Exam is least of your worries
A pelvic exam is nothing to be afraid of.
That’s the message the BC Cancer Agency, Provincial Health Services Authority and one particular woman is trying to get out to women this week.
As Pap Awareness Week opens Oct. 23 to 29, Shawnna Taylor recalls how, through her 20s, she thought she was too healthy and cervical cancer was too rare for her to need the screening. She put off getting the exam for seven years. Then, one week before the B.C. woman’s 29th birthday, Taylor was diagnosed with a cervical tumour the size of a kiwifruit.
Taylor received treatment and survived, but learned she would never be able to conceive children. “I know how easy it can be to put off getting a Pap test, especially when you are young and feel indestructible,” says Taylor. “I was just like many young women before my cancer diagnosis, but I now know the importance of screening. It takes five minutes, can save lives and prevents unnecessary suffering.”
Cancer agency guidelines now suggest women should receive an exam as soon as they turn 21, or have been sexually active for three years. After three normal yearly exams, women can then receive an exam every two years until they are 69.
Dr. Dirk van Niekerk, medical leader of B.C.’s Cervical Cancer Screening Program, says that while 70 per cent of targeted women are obtaining exams, 30 per cent aren’t. And the problem isn’t just in first time visits — it’s getting women to go back regularly.
“There are myths around the exam, like women worry that it’s painful, or worry that they will be embarrassed to talk about these issues,” says van Niekerk. “What we know is that Pap tests save lives; but it only works if women come to get the exams.”
In a valiant effort to help that 30 per cent of women find their way, Victoria resident Sue Dakers has started the “Screening Sisters” program, a new initiative unique to the city.
Dakers, who had her own scare with cervical cancer in 2010, learned the value of having the support of her sister, and vowed that no woman should be prevented from having a pelvic exam due to fear. Dakers recruited a team of volunteers available to provide support to women, to encourage them to make their appointments, to attend appointments with clients and to provide telephone support inbetween appointments.
“The program is designed to encourage peer group support — woman to woman,” says Dakers. “A Screening Sister will put you in touch with the right people who can provide medical information.”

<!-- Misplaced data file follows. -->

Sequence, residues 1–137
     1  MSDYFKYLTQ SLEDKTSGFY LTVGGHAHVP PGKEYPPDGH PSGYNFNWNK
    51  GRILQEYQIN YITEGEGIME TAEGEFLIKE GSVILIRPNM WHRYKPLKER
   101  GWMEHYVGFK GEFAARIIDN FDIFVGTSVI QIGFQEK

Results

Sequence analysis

Over 175 B.C. clinics have signed up with the BC Cancer Agency’s LACE (Live Aware. Create Empowerment.) community engagement campaign. Learn more at http://bit.ly/lvwBE. To get involved with or to become a Screening Sister, email Dakers at email@example.com.
We don’t want no pipeline
The statement was made — now, will it be heard? An estimated 3,500 people gathered by the legislature despite the rain on Mon., Oct. 22, to protest the Enbridge Northern Gateway Pipeline Project and make it clear where they stand on the issue.
The group remained peaceful with no arrests, though that’s not to say there weren’t messages. The provincial lawn was turned into a symbolic mud pie, with thousands of stamping feet and an impressive 235-metre black banner that stretched the length of a supertanker staked into the grass. Oil-covered rubber ducks were thrown into the fountain, and Belleville Street shut down for part of the afternoon.
“This is my fight,” says local artist Dan Gray, who has been following the anti-pipeline protests across the province and who paints protest images as he goes. “I use my art as my protest weapon, and it’s a great fight to be part of.”
Some attendants came over from the Mainland and other parts of B.C. just to be part of the rally. More demonstrations are planned for the coming weeks.
A mission to prick the cold
A sharp message will help the whole community this weekend, as one acupuncture collective prepares to offer its services in exchange for donations.
On Sun, Oct. 28, 10am-2pm, the Heart & Hands Health Collective (851 Cormorant) will host an open house providing free community acupuncture sessions for donation of cold weather clothing and/or a minimum $5 donation. All proceeds and clothing go to the group’s community partner, AIDS Vancouver Island (AVI), which serves the needs of people affected by HIV and hepatitis C.
“As the winter season approaches, it’s collection efforts like these that save many lives on the street,” says Shane Calder, AVI street educator.
Christina Chan, owner/acupuncturist at the collective asks people to break out of their routine.
“Please consider skipping a coffee or treat one day and donating your pocket change — or more! — to help,” she says. “For a healthy community, we need to start with its people.” M